Movie Reviews: 'Rio 2,' 'Draft Day'

PHOTO: Blu, Jewel and their family fly above the Amazon River in a scene from Rio 2.
Blue Sky Studios

"Rio 2" and "Draft Day" were both came out this week. Read on to see whether they're worth your while. For more movie reviews from ABC News, go here.

'Rio 2'

Voices by Jesse Eisenberg, Anne Hathaway, Jamie Foxx

Rated G

Three out of five stars

The first "Rio" movie was a colorful, uplifting, foot-tapping, heartfelt surprise hit. The 2011 release grossed just under half-a-billion dollars -- which, these days, means: SEQUEL!

Three years later, Jesse Eisenberg’s Spix’s macaw, Blu, is back, and he and fellow macaw, Jewel (Anne Hathaway) now have three kids. They believe they're the last five Spix’s macaws left on the planet. But they're wrong.

When their humans, Tulio (Rodrigo Santoro) and Linda (Leslie Mann), discover there may be more Spix’s macaws, Blu and family decide to investigate. But they'll encounter more than a few obstacles, including the killer bird Nigel (Jemaine Clement) from the original "Rio," and a developer, voiced by Miguel Ferrer, who wants to knock down the rain forest and build stuff.

Turns out the macaws that Tulio and Linda discovered are the flock to which Jewel belonged, which is led by her father. Also in that flock is Roberto (voiced by the singer Bruno Mars), a handsome and athletic macaw with whom Jewel played as a child. Roberto is the complete opposite of Blu, who quickly becomes jealous and alienated by a jungle culture he can’t relate to because he was a domesticated “pet.” That background is the very reason Jewel’s father dislikes Blu.

If all this sounds familiar, it may be because the story line is intentionally influenced by the comedy "Meet the Parents." Fox has even used the phrase “Meet the Flockers” in its marketing campaign. It's clearly an effort to pander to the adults, and it doesn’t always work.

What does work is the relationship between the dastardly Nigel and Gabi (Kristin Chenoweth), who plays an adorable, yet poisonous frog in love with Nigel. Gabi and Nigel even get their own show-stopping singing number, “Poisonous Love,” which isn’t only adorable, it leaves you wanting more. These two could be worthy of their own movie. Outside of Gabi, the new characters aren’t nearly as endearing, while returning characters Nico (Jamie Foxx), Rafael (George Lopez), Pedro (will.i.am) and Luiz (Tracy Morgan) feel underutilized here.

Despite its lackluster plot being a drag for adults, "Rio 2" does have a great message about love and acceptance, which is something most any parent will want their kids to see. Your kids also will be dancing in the aisles to the catchy, up-tempo soundtrack, all while learning about the rainforest. In other words, your children will love "Rio 2," and you won’t hate it.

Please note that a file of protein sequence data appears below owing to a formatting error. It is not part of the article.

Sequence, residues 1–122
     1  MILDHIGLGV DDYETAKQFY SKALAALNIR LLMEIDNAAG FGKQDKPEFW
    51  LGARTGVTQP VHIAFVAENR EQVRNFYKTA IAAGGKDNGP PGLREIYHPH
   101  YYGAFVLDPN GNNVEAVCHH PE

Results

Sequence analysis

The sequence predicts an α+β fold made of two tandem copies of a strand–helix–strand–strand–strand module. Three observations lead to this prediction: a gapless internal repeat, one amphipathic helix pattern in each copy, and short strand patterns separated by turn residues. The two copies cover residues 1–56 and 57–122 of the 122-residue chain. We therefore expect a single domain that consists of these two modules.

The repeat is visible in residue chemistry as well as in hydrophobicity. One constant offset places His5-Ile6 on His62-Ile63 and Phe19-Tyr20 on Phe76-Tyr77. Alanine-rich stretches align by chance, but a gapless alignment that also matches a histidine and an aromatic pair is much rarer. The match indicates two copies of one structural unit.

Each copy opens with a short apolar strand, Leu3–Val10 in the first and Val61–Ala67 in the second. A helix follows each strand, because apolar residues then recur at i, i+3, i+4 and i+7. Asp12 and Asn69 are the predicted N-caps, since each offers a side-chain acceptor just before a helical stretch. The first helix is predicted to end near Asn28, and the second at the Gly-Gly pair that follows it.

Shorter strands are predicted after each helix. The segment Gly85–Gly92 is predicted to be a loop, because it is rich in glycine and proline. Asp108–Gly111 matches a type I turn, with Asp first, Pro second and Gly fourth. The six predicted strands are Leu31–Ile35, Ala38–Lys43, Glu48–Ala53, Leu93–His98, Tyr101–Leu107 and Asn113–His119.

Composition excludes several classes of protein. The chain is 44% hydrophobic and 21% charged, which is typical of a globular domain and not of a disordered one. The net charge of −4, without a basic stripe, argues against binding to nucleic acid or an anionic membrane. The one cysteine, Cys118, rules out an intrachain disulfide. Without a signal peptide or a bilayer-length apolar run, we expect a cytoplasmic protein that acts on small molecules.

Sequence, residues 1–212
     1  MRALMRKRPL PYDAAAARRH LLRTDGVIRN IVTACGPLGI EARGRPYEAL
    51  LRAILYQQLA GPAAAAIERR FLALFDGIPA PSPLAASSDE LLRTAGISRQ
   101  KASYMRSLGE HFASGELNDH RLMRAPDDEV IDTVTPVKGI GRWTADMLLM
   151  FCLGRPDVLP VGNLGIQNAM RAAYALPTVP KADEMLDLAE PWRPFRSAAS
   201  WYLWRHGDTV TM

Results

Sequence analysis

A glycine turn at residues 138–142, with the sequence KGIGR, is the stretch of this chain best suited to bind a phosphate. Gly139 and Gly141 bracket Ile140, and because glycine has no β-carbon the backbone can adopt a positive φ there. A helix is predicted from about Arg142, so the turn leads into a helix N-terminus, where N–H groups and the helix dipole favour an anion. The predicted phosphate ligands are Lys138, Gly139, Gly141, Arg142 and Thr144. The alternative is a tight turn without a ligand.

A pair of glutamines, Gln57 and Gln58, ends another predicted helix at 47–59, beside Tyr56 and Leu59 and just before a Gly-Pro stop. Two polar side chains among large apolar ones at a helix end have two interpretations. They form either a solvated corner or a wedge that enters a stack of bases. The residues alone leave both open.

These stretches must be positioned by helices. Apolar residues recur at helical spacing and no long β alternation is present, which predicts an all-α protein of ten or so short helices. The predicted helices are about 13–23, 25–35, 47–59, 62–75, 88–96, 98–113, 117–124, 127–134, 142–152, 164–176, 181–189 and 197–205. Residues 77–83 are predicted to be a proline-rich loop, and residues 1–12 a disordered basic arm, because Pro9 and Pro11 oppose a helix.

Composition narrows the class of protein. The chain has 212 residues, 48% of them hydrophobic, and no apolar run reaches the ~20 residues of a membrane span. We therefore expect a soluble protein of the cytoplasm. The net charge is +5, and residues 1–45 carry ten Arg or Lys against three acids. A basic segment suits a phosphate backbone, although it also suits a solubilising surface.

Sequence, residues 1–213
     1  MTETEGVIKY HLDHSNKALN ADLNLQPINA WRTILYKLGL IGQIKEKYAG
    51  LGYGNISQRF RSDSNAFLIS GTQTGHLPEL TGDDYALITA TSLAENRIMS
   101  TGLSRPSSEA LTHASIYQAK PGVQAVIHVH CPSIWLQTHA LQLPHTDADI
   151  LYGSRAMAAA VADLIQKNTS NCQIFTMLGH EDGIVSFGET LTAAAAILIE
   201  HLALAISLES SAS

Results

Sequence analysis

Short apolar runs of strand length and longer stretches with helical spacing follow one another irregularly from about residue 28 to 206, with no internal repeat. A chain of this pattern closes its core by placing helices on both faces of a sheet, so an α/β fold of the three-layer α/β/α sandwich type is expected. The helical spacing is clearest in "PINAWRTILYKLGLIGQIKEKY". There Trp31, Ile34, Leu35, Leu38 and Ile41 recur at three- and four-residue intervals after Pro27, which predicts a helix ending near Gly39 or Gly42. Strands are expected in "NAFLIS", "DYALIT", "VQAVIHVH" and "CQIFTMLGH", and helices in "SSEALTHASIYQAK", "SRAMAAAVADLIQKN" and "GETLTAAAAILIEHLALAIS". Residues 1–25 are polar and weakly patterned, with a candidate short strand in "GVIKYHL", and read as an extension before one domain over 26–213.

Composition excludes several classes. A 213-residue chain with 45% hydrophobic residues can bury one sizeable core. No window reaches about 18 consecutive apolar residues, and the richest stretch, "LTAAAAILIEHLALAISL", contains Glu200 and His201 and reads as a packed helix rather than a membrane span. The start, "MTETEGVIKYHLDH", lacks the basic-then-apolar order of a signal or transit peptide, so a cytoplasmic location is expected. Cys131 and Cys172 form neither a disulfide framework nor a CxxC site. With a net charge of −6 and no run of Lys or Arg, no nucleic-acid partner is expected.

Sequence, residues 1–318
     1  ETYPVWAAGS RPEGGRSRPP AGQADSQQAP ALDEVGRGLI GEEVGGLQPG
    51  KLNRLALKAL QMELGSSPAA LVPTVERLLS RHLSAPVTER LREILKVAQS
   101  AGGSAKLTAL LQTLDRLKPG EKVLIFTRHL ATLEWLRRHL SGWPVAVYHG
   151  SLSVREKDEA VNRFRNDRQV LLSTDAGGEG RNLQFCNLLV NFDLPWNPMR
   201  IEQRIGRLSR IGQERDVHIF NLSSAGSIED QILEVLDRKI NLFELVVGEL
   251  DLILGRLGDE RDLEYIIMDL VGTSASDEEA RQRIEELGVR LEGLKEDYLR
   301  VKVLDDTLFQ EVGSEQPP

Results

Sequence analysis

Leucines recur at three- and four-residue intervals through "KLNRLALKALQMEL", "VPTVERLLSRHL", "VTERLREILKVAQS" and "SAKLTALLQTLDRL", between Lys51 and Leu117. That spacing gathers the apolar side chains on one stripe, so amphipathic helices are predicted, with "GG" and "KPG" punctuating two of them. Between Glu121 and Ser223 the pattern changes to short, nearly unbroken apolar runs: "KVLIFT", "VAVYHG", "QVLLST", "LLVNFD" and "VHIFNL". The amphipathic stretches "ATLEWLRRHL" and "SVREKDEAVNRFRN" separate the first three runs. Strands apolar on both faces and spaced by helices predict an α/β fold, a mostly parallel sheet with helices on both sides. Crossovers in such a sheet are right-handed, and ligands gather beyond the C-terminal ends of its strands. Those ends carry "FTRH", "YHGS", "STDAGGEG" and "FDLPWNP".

'Draft Day'

Kevin Costner, Jennifer Garner

Rated PG-13

Four out of five stars

"Draft Day" is one of the most unusual and surprising sports movies ever made.

Yes, it’s about an underdog, but it has nothing do to with the action on a field, court or rink. Nor is it about an aging, dying or disabled athlete with something to prove. Instead, this is the story of Kevin Costner’s Sonny Weaver Jr., the fictional general manager of the real Cleveland Browns, and how he wins or loses for his struggling team off the field.

Just about the entire movie takes place on draft day. Director Ivan Reitman, along with writers Scott Rothman and Rajiv Joseph, do a good job explaining the NFL draft to the uninitiated without patronizing die-hard football fans. If you're one of the former, the draft is how teams build their franchises. Over a three-day period, owners add eligible college players to their teams. The worse your team's record the previous season, the better your draft pick. But draft position isn't absolute: You can trade up or down -- and therein lies the drama of "Draft Day."

When we meet Sonny, he isn’t just dealing with the pressure of draft day. His girlfriend, Ali (Jennifer Garner), who also works for the team (their office romance is a secret), has just told him she’s pregnant. Sonny has no idea how to deal with the news, and Ali has no idea how to deal with Sonny's inability to deal with the news. Furthermore, Sonny’s legendary father, former Cleveland Browns coach Sonny Weaver Sr., died the week before. In addition to his personal issues, both the city of Cleveland and the team's owner, the flashy Anthony Molina (Frank Langella), are breathing down Sonny's neck, wanting to know what he’s going to do with their draft pick.

Anthony commands Sonny to make a splash, so when the Seattle Seahawks come calling and offer him their first pick -- the much-coveted, high-profile quarterback Bo Callahan -- Sonny gives Seattle the Browns’ first-round draft pick for the next three years in exchange.

The city of Cleveland is elated by the trade, but Sonny is having buyer’s remorse, no longer certain drafting Bo is the right thing to do. That's a sentiment shared by new Browns head coach Penn (Denis Leary), who thinks the Browns already have a good quarterback in Brian Drew (Tom Welling). Just another headache for Sonny.

Kevin Costner’s nuanced work here demands empathy. In "Draft Day," he delivers one of his more powerful and heartfelt performances, putting the movie on his shoulders like a blue-chip, number-one draft pick would carry a team to the Super Bowl, then win it in the final seconds.

Some of the exposition in "Draft Day" is a bit cringe-worthy to a football fan, as various exchanges between team execs are clearly conversations that would’ve taken place weeks before the actual draft. But this is a movie for non-football fans, as well. There's also some inconsistent characterizations and other fumbles, but they can be forgiven because the rest of "Draft Day" isn’t just entertaining for sports and movie fans alike: It’s simply thrilling and fun.

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